The following table lists the performance of the grains on a percentage basis for April 2. For the second day in a row, corn was at the top the list and new crop soybeans and soybean meal were also at the top. Wheat slumped dramatically on April 2 in contrast to its performance on March 30 when wheat was the top performer of the group.
December soybean meal……+1.71%
May soybeans meal……………+.59%
May corn closed 11 cents higher on relatively heavy volume of 423,711 contracts. Open interest increased by 3,968 contracts. The May-July bull spread continued to widen with May selling at a 4 cent premium to July. This is bullish, and if the market’s daily low is above the pivot points of $6.47 1/2 and $6.50 7/8, a buy signal will be generated. This is not to say that long positions should be instituted, rather it is an indication that the market should be traded primarily from the long side. It is also a signal that short positions should be avoided.
May soybeans closed 18 cents higher on relatively heavy volume of 331,933 contracts. Open interest skyrocketed by 21,337 contracts. Open interest by speculators is now at a record level. As I pointed out in the April 1 weekend wrap, the soybean market is very volatile and major moves in either direction should be expected. I suggest that readers review the April 1 weekend wrap in order to get a fuller understanding of how the market traded last year. The major action in the coming season will be in the November soybean contract.
May sugar closed 13 points lower on volume of the hundred and 1312 contracts. Open interest increased by 5,847 contracts. Stand aside.
May crude oil closed $2.21 higher on light volume of 526,360 contracts. Open interest increased by 11,731 contracts. The high to low range for crude oil on April 2 was $3.43 which is significantly greater than the 21 day average true range of $2.31. What I find striking is that despite a 50% increase in the range, and the market closing a couple of dollars higher, volume is so lackluster. Although the open interest increase was respectable, it was about average in relation to the volume. The market continues to be on a short term sell signal, but this does not mean speculators should be short the market. Stand aside.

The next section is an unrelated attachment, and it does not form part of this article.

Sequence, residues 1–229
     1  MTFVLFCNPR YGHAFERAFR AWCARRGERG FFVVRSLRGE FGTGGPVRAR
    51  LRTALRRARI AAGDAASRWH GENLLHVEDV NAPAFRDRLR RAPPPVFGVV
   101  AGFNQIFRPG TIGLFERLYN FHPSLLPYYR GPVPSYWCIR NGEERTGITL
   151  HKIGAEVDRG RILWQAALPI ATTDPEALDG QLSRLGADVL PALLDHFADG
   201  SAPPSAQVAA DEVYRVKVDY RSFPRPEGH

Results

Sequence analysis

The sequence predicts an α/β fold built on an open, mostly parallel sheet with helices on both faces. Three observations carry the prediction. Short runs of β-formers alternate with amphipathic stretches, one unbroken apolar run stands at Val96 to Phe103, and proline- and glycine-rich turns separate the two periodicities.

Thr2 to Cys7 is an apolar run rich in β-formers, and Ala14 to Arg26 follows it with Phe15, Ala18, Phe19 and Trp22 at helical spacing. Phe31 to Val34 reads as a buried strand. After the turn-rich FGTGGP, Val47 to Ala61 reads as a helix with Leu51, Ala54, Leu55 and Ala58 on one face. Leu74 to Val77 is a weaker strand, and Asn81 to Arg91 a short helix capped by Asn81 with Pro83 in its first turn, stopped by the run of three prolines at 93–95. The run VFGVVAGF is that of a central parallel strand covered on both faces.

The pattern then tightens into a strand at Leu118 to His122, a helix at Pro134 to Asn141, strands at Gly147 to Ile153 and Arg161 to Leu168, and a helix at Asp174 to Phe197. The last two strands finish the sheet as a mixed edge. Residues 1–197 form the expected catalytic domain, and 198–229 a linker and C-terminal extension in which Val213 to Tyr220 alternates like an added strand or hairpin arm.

May gasoline closed 7.41 cents higher on volume of 220,841 contracts. Open interest increased by a minuscule 301 contracts. I have a couple of observations about the gasoline trade on Monday. First, the range on Monday was 11.43 cents, which is 80% higher than the 21 day average true range of 6.37 cents. Second, although the range was significantly higher than on March 30 (7.57 cents), volume on Monday was only 2,571 contracts above the volume of March 30. The very small increase of open interest on such a large move is actually a negative. The day’s action can be summed up by observing that on a big range day when the market closed sharply higher, volume expanded meagerly and open interest increased meagerly. This is not the kind of market action speculators want to see if they want to trade gasoline on the long side. If you look at the soybean or corn market, and contrast that with gasoline, you can readily see the difference between grain markets that are rising in price and have healthy increases in volume and open interest, and gasoline, which has minuscule increases in volume and open interest as price dramatically increases.
June gold closed $7.80 higher on very light volume of the 122,298 contracts. Open interest increased by a healthy 4,653 contracts. Volume on Monday was lighter than on Friday, which was the lowest volume since February 13, 2012. In short, the market has risen $24.80 during a two day timeframe, and volume on those two days are the lowest in a month and a half. If you combine the open interest for the two days, the increase is a minuscule 2,945 contracts, which is a dismal showing. Also of note is that on April 2 gold advanced to a high of $1685.40, which was $12.70 above the high on March 30, yet volume declined on the April 2 advance by 5,583 contracts. Since the gold market went to a sell signal on March 15, it is been trading in the sideways pattern. The generation of a sell signal is not a sign to go short, but rather an opportunity to acquire gold at lower prices.
May silver closed 61 cents higher on volume of 45,897 contracts. Open interest increased by 3,342 contracts. This is the first day in quite a while that price and open interest moved in tandem. The volume remains weak, but I am getting friendlier to the market for a number of different reasons. Unlike gold, silver has never generated a sell signal, and as I pointed out in the April 1 weekend wrap, silver’s 50 day moving average has crossed above the 150 day moving average. For the market to generate a buy signal, the low of the day has to be above $32.86. A secondary signal would be generated if the low for the day was above $33.82.
The June Euro closed 10 points lower on volume of 241,012 contracts. Open interest increased by 3,561 contracts. Market looks steady here. Stand aside.
The June Australian dollar closed 84 points higher on volume of 112,513 contracts. Open interest declined on the price increase by 622 contracts. The market remains on a short term sell signal, but at this juncture stand aside until I get more confirmation.
S&P 500 E mini:
The S&P 500 E mini closed 9.25 points higher on relatively strong volume of 1,721,575 contracts. Open interest increased by 30,982 contracts. The market made a new closing high of 1412.50, but did not make a new high for the move. The high of 1419.75 was made on March 27. Long put protection should be in place.
The June 10 year treasury note closed seven points higher on light volume of 979,805 contracts. Open interest increased by a modest 17,391 contracts. Volume for the day was the lowest since March 27 when notes traded 973,130 contracts. For those who are in bearish positions, stops should be placed in the 130-02 area.